Conditions were optimal for skiing in the Adirondacks on March 15, when Explorer editor Phil Brown and I hit the trails near Tupper Lake. The area had received a series of snowstorms over the prior days and weeks, meaning the snowpack was a few feet deep. We started off the morning by skiing Coney Mountain, then hit Goodman Mountain at about noon. Phil then continued on to ski Arab Mountain, finishing off the Tupper Triad, three mountains promoted as part of a local hiking challenge. All three mountains are pretty small, but they aren’t skied very often. This day, it >>More
Explorer Editor Phil Brown and I skied Coney Mountain yesterday as part of a daylong ski trip. Phil went on to ski all three mountains of the Tupper Lake Triad (Coney, Goodman, and Arab), while I skied the first two, before heading home for a family event. The skiing on the 2,265-foot mountain was outstanding due to the recent snowfalls we’ve received in the past couple of weeks. Roughly a foot of fresh powder fell on the mountain in the prior 24 hours. That was important because normally you can’t ski Coney Mountain without being concerned about hitting some of >>More
The National Weather Service in Burlington has issued an avalanche warning for the Adirondacks as a result of recent weather patterns. “Recent heavy snowfall combined with previous warm ups have created the potential for avalanches in the exposed backcountry of the Green Mountains in Vermont and the Adirondacks in northern New York,” according to National Weather Service statement. “Several small avalanches have already been reported.” The High Peaks region has received one to two feet this past week. The weather service warned that “steep, open slopes will have the highest potential avalanche risk.” State Department of Environmental Conservation spokesman Dave >>More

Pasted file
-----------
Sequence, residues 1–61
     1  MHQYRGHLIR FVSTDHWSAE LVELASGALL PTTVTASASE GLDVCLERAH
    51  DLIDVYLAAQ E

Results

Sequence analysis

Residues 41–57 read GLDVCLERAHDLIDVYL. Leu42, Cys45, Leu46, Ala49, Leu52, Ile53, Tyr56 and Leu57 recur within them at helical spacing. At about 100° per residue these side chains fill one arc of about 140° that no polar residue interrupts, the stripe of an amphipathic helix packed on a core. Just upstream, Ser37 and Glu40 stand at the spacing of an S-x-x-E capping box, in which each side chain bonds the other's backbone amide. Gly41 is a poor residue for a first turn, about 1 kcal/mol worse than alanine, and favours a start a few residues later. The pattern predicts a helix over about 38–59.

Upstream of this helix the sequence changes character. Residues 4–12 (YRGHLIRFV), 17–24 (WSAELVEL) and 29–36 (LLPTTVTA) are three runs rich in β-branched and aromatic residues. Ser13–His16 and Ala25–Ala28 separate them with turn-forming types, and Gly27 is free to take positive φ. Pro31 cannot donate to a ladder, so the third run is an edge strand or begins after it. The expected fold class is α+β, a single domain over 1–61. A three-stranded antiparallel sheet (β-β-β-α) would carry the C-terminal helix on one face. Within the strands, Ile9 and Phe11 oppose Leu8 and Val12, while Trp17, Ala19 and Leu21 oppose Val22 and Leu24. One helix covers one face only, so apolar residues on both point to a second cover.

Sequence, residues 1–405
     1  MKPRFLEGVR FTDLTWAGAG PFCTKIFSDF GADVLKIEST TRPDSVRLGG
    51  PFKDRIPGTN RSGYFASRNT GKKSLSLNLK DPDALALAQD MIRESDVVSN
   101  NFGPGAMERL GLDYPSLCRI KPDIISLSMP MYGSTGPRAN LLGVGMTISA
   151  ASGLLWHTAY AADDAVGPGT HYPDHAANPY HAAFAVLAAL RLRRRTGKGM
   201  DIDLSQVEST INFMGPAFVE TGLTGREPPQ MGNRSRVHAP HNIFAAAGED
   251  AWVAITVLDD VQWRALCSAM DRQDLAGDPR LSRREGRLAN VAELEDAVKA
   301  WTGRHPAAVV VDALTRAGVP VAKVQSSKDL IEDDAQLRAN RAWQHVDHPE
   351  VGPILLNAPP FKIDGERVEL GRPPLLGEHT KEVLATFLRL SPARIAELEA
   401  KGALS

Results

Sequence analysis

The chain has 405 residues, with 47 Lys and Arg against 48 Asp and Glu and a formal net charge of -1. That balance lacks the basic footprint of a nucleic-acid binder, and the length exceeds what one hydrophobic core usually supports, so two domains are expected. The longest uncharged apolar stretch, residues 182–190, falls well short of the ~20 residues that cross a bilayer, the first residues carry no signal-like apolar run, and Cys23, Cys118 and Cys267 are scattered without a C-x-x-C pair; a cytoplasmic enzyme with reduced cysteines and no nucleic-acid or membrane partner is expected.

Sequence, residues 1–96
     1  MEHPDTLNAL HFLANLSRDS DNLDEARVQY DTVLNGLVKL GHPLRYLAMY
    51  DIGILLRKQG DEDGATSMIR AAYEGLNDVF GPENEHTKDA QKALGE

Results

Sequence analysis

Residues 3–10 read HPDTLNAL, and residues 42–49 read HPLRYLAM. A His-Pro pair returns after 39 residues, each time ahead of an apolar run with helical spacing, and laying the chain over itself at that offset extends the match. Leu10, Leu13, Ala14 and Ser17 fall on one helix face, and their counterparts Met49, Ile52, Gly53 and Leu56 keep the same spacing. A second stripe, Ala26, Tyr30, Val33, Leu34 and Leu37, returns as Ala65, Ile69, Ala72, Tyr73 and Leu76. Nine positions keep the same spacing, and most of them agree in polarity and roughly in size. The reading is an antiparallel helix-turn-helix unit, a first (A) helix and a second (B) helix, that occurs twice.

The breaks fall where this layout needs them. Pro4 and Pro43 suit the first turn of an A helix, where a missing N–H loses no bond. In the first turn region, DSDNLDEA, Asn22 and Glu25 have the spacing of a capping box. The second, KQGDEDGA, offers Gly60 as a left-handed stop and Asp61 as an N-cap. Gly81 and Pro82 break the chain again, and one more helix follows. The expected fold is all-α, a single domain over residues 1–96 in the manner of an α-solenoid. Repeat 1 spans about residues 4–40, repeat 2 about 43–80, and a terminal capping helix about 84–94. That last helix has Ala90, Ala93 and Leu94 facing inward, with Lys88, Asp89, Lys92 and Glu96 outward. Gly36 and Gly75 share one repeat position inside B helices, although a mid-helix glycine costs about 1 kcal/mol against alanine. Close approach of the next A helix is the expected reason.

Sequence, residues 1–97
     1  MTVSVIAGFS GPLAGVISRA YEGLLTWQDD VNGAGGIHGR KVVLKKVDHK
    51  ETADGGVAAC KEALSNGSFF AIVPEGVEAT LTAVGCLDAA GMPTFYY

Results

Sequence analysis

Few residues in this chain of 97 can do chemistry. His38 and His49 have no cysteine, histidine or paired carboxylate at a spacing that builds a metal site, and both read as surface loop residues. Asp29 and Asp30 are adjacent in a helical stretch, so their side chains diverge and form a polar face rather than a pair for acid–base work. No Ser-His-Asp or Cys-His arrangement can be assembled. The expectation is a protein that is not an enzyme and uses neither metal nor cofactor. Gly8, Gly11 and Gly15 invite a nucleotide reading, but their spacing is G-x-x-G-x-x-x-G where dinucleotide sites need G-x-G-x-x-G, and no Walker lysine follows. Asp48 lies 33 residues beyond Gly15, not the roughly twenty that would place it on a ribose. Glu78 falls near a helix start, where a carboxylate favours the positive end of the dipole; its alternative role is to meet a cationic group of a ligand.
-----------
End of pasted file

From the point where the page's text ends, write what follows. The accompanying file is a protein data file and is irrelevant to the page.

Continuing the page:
Old Mountain Road in the Sentinel Range Wilderness is known as a popular section of the Jackrabbit Ski Trail during the winter months. But since 2003, it has also been the center of a controversy over whether it’s also legally a town road. Most recently, a state court ruled that the ski trail has retained its status as a town road because it was never legally abandoned. That ruling took place on March 1. The next day, with snow falling, Explorer Editor Phil Brown and I visited the road to shoot some photos and a video to give readers an >>More
Mount Van Hoevenberg manager Kris Cheney-Seymour said the short ski season goaded the center to find a way to stay open longer in warm winters. By the following winter, Van Ho had installed a snowmaking system known as the Snow Factory. The result: it stayed open 137 days last season.
Starting from Adirondak Loj, it’s 7.4 miles to the 5,344-foot summit, which affords a spectacular panorama of the High Peaks and beyond. It usually takes me about five hours to reach the top, but some do it in less time. The descent typically takes me two to three hours.
Recent warm weather and rains have significantly depleted the snowpack throughout the Adirondacks recently. Many trails have been left with a ribbon of hard-packed snow and/or ice. Of course, that wasn’t the case earlier this winter when we had a pretty consistent snowpack due to a long spell of cold weather. Here’s a ski video from Dewey Mountain from that time period in January, when the skiing was good … Hopefully, better conditions will return in March.
The winter of 2015-2016 was a difficult one for the Mount Van Hoevenberg cross-country-ski center. Warm weather and rains forced the venue to close in February, ending a season that lasted a mere thirty-seven days. Mount Van Hoevenberg manager Kris Cheney-Seymour said the short ski season inspired the center to find a way to stay open longer in warm winters. By the following winter, Van Ho had installed a snowmaking system known as the Snow Factory, which is made by TechnoAlpin, the company that provides snowmaking equipment at the state’s downhill resorts. The result: it stayed open 137 days last >>More
The skier who was the subject of a large-scale search at Whiteface Mountain was located alive and well in Sacramento, California, on Tuesday, February 13, according to state police. Filippidis went missing on Wednesday, February 7. Forest Ranger David Russell told the Explorer that Filippidis was last seen at mid-station lodge area by his friends. Constantinos “Danny” Filippidis of Toronto, Ontario, Canada, made contact with local authorities there, ending a multi-agency search that included forest rangers, state police and other state and federal agencies. Read full story here
Constantinos “Danny” Filippidis of Toronto, Ontario, Canada, made contact with local authorities there, ending a multi-agency search that included forest rangers, U.S. Border Patrol, state police and other state and federal agencies.